Plastic tubes from empty pens have also been used for this experiment with success.


  • Because the working fluid is water, it cannot measure temperatures below 32 degrees F / 0 degrees C (the water would freeze). It also cannot measure temperatures above 212 degrees F / 100 degrees C (the water would boil).
  • Because the “bulb” (the jar) is so large, it takes a long time for the thermometer to reach the same temperatures as the object it is measuring — perhaps an hour.
  • Because the top of the tube is open, the water can evaporate and pick up dust and debris.

How to calibrate the thermometer?

Place your bottle in ice-water for a while. Wait until the level of water declines to the lowest possible. Mark the level of water as 0ºC or 32ºF.
Keep your bottle in room temperature for a while. Wait until the level of water climbs to the highest possible. See the actual temperature of the room in another thermometer. Mark the level of water with the room temperature. For example if the room temperature is 70ºF, mark the new level of water with 70ºC.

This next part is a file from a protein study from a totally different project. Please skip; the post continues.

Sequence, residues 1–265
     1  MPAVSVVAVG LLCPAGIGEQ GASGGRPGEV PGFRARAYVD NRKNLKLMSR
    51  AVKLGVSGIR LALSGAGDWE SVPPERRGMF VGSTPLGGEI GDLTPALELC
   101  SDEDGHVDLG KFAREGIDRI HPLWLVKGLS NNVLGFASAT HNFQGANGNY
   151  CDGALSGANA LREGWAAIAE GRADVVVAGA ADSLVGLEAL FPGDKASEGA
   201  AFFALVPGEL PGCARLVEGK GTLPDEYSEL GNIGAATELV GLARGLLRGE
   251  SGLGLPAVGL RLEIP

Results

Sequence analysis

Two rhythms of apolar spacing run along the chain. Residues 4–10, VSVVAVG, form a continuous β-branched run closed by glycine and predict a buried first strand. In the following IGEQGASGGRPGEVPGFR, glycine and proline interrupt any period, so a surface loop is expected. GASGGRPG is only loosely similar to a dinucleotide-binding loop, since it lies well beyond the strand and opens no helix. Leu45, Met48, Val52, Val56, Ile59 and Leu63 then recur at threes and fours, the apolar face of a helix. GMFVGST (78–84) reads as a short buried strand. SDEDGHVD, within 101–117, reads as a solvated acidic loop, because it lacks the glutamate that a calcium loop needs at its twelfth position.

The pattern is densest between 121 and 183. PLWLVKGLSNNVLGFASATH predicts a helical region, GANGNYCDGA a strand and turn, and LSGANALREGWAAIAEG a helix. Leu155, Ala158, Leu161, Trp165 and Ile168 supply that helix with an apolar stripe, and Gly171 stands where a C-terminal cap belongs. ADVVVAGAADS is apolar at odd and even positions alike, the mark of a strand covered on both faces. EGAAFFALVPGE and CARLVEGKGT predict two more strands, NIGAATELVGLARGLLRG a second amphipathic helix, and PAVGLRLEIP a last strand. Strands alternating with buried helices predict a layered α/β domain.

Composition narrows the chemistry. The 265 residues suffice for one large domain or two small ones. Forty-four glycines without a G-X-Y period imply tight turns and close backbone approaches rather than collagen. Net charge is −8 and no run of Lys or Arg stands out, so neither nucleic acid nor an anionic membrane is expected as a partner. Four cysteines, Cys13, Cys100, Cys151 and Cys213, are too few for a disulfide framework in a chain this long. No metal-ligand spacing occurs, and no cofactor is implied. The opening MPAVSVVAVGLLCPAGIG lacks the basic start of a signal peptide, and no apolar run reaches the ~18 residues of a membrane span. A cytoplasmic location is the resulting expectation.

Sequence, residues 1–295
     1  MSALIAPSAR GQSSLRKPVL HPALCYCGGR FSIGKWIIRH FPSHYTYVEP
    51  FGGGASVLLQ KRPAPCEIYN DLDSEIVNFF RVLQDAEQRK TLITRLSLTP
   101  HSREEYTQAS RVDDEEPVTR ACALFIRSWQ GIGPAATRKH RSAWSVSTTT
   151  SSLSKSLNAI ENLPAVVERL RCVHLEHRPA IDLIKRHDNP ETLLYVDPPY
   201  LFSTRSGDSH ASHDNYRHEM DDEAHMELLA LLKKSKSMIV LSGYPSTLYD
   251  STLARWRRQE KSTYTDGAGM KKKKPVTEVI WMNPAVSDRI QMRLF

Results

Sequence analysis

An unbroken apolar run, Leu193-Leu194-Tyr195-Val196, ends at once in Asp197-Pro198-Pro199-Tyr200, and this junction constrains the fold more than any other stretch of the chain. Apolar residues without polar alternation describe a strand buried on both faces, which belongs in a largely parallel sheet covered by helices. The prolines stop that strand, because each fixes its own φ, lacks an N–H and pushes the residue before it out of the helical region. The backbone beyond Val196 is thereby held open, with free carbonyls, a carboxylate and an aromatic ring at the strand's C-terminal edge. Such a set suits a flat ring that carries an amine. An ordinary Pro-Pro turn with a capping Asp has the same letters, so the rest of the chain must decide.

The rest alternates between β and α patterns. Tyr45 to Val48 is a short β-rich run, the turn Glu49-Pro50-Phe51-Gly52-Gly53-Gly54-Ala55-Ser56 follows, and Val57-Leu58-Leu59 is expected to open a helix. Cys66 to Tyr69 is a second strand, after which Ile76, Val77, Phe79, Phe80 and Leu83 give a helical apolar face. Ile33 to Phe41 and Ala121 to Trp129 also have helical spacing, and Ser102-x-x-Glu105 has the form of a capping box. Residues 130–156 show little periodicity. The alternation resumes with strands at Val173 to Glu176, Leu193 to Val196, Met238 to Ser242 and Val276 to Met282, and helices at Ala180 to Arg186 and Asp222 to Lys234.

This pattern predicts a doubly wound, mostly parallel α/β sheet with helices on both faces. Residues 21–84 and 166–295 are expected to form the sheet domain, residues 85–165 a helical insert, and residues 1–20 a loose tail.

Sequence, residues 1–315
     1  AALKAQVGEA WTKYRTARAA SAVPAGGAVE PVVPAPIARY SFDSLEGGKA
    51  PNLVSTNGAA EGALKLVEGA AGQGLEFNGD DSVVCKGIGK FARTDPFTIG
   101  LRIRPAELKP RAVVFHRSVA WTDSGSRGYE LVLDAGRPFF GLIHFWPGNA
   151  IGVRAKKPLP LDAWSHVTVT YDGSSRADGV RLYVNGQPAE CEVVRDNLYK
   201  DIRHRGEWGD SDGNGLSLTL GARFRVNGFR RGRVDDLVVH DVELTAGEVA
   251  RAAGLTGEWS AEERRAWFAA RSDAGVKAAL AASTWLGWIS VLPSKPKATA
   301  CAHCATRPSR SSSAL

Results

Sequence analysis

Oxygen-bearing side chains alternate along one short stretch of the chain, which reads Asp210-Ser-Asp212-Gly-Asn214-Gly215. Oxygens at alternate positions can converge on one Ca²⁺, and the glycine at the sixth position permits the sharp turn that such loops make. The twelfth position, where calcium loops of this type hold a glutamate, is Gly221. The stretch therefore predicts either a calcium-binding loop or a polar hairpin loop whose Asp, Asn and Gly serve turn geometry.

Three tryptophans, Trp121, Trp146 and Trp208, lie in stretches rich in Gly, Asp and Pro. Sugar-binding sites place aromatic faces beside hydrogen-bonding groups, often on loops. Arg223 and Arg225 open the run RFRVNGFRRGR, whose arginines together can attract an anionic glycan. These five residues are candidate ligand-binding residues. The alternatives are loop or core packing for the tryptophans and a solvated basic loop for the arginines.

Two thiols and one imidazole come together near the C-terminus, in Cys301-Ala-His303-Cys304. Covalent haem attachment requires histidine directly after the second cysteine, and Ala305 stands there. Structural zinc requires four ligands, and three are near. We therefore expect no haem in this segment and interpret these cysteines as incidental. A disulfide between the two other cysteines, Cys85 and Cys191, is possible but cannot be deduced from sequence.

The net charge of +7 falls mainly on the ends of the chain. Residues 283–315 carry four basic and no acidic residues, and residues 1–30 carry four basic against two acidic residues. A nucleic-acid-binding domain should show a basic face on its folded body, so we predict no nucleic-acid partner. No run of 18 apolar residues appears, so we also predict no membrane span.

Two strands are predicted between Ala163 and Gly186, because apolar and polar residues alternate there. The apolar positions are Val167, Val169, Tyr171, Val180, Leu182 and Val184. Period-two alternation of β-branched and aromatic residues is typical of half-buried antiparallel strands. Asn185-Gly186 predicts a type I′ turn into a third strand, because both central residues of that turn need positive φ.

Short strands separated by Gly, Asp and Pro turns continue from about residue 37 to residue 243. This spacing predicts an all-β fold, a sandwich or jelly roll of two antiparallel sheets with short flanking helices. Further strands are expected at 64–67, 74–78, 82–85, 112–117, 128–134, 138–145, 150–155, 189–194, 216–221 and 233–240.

Divide the space between these two markings in equal distances and mark them every 10 degrees.

For example if your markings are at 32ºF and 70ºF, divide the space between the two markings by 38 equal segments. Each segment represents one degree Fahrenheit. Attach a piece of cardboard to the tube for your markings.

Experiment 2: Only for higher grades. (optional)

Introduction: This is an experiment to test your hypothesis. In this project you will make three identical bulb thermometers with three different liquids. The purpose of this experiment is to see which liquids expand or contract more by changing the temperature.